US breaks daily records for tests, cases and hospitalizations

Officials are grappling with depleting resources as the world saw more COVID-19 cases in the past month than in the first six months of the pandemic.
3:34 | 11/21/20

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Transcript for US breaks daily records for tests, cases and hospitalizations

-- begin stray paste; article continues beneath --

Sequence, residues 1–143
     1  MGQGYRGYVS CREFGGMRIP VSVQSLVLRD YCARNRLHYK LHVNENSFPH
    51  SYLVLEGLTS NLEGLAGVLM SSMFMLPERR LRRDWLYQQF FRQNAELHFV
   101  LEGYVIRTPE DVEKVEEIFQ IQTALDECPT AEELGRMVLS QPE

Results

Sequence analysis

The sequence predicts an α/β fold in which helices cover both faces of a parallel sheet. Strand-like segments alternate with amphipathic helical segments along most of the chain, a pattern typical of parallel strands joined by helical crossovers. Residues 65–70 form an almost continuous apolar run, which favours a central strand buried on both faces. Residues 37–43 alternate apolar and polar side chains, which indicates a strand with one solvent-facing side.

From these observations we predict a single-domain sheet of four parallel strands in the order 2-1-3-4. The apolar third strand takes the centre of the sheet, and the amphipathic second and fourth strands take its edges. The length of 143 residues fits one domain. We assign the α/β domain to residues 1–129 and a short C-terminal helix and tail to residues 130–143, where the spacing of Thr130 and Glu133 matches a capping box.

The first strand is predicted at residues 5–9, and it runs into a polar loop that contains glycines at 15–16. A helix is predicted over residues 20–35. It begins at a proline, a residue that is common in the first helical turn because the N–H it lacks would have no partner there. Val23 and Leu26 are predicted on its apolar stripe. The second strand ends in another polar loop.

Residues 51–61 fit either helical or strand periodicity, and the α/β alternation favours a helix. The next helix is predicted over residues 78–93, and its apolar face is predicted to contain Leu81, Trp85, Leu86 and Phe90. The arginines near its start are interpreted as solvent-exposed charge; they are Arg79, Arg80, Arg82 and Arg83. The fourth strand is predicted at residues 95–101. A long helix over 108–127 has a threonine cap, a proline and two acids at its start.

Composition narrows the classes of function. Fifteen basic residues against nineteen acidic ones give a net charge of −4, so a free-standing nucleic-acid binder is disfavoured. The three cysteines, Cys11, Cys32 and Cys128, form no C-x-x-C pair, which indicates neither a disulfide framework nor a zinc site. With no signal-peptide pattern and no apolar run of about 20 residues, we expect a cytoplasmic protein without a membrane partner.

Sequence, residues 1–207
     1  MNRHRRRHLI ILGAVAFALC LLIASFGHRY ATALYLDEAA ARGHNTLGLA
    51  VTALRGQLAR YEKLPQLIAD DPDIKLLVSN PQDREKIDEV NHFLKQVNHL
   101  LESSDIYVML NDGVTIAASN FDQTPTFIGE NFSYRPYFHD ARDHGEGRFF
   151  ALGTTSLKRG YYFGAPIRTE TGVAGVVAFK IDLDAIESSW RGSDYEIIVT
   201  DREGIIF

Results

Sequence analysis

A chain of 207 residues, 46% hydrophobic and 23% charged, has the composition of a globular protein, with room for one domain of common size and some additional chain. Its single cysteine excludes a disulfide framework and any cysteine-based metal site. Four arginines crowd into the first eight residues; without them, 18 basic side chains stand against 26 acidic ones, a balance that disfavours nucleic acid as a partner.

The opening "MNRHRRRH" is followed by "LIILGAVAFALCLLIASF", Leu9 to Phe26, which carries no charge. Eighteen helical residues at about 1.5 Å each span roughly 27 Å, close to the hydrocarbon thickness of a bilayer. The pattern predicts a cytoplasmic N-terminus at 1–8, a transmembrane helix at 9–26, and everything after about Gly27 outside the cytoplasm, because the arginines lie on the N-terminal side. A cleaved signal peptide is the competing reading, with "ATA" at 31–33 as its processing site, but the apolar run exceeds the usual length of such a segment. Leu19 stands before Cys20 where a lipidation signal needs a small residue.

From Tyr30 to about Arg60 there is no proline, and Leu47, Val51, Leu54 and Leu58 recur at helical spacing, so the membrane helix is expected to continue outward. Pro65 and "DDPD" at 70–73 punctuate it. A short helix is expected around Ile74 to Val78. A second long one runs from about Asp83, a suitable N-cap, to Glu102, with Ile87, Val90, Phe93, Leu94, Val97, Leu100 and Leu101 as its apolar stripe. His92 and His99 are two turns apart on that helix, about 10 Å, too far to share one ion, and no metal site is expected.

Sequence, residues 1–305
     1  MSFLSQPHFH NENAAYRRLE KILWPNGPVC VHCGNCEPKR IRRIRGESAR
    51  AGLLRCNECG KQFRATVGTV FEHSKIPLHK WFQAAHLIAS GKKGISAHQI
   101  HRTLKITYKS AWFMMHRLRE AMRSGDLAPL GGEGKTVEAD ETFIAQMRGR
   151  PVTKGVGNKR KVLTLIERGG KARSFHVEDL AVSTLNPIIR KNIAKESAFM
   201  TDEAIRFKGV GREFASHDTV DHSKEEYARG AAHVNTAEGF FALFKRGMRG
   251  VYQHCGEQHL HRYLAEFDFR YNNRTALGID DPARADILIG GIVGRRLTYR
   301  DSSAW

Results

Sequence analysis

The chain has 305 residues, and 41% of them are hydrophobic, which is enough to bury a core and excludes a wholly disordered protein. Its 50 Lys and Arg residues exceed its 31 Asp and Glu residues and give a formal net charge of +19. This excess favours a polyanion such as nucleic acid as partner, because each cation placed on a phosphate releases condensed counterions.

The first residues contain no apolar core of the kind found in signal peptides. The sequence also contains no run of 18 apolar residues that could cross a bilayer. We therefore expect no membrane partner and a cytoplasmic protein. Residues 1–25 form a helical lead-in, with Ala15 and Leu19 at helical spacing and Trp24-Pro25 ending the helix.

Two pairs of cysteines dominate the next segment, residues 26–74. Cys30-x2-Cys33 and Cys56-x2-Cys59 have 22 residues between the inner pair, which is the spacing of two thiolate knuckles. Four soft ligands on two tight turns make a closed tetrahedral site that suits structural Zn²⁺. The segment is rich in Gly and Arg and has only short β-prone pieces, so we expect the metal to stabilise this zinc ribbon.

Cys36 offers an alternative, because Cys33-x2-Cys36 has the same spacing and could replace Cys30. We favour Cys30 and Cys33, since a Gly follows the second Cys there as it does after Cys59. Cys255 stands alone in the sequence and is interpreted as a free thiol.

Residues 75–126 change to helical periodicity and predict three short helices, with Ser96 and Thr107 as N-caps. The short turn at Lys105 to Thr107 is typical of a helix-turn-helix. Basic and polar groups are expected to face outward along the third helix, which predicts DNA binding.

new coronavirus cases were reported across the country in the last week. And that is the equivalent of 112 Americans testing positive every minute. The U.S. Breaking all-time daily records for tests, cases and hospitalizations. ABC's Trevor Ault is at a new York City testing site with the latest. Trevor, good morning. Reporter: Good morning, whit. You know, at some of these testing facilities we're seeing the lines form hours before they even open as nationwide the number of new infections is simply staggerg. Now, 72% of the country say they know someone who tested positive focoronavirus and a quarter of Americans say they know someone who has died. This morning, the United States smothered by rampant covid-19 spread as testing lines grow across the country with some waiting hours, the seven-day average for national cases has doubled since November 1st and the virus has claimed more than 250,000 American lives. You could be the strongest person out there, but it will still take you down. Rorter: This week Katherine Pennington was laid to rest in Alabama leaving behind her ten children. She passed away moments after their final phone call. She said I wouldn't wish this on my worst enemy if I hnene. Reporter: Nationwide more than 80,000 patients are in the hospital fighting to avoid that but hospitalizations are rising in every single state. 12 of them hitting record highs Friday alone. I'm seeing individuals in their 30s, 40s and 50s and that shift to younger individuals including individuals that require intensive care for covid-19 at a young age is very worrisome. Reporter: That's especially a concern in the midwest. Ohio setting a record high of 8,800 cases Friday. Hospital workers warn they don't have the staffing to meet this incredible demand. We can always get more drugs. We can always get more machines. We can't get ahold of -- we can't just make more people. Reporter: In Texas, El Paso will continue relying on inmates to help transport bodies as the National Guard is standing down. The city's mayor citing spread inside still open businesses as a major source of their surge. We found out that 55.11% of our positives were coming from retail shopping. Reporter: Now more ities are enacting strict measures. Newark, New Jersey rolling out a ten-day stay-at-home order ahead of Thanksgiving as across the country doctors fear holiday spread, particularly from college students heading home. This is about younger people who may have no symptoms at all that are coming back from a wonderful college experience, but are contagious and don't know it sitting next to three or four generations older next to them, all day long. That is a potentially deadly recipe. Reporter: But even if this virus doesn't kill you, it can still do irreparable damage. Indiana nurse Carrie wegg needed a double lung transplant to supply and with mounting bills she still hasn't seen her children since July. It's been so hard because I was healthy and I thought if I ever got it I would be fine. Reporter: And with more medical workers becoming infected the situation inside hospitals is growing more dire by the day. Nationwide more than one in five hospitals, 22%, say this week they are expecting critical staffing shortages. Dan? We need to protect our medical woers.

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